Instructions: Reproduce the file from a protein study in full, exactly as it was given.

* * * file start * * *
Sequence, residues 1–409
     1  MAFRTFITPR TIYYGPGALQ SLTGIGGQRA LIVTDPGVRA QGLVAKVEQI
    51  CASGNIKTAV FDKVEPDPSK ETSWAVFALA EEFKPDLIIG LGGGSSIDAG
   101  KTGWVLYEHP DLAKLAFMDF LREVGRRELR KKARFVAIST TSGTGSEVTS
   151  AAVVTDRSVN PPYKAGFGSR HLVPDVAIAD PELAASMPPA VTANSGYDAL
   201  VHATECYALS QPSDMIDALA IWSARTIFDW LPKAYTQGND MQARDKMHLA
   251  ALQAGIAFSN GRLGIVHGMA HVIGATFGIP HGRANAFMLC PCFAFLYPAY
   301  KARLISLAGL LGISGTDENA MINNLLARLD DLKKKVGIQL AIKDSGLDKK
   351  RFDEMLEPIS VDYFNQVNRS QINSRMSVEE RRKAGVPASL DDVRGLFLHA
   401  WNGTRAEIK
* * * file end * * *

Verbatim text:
Sequence, residues 1–409
     1  MAFRTFITPR TIYYGPGALQ SLTGIGGQRA LIVTDPGVRA QGLVAKVEQI
    51  CASGNIKTAV FDKVEPDPSK ETSWAVFALA EEFKPDLIIG LGGGSSIDAG
   101  KTGWVLYEHP DLAKLAFMDF LREVGRRELR KKARFVAIST TSGTGSEVTS
   151  AAVVTDRSVN PPYKAGFGSR HLVPDVAIAD PELAASMPPA VTANSGYDAL
   201  VHATECYALS QPSDMIDALA IWSARTIFDW LPKAYTQGND MQARDKMHLA
   251  ALQAGIAFSN GRLGIVHGMA HVIGATFGIP HGRANAFMLC PCFAFLYPAY
   301  KARLISLAGL LGISGTDENA MINNLLARLD DLKKKVGIQL AIKDSGLDKK
   351  RFDEMLEPIS VDYFNQVNRS QINSRMSVEE RRKAGVPASL DDVRGLFLHA
   401  WNGTRAEIK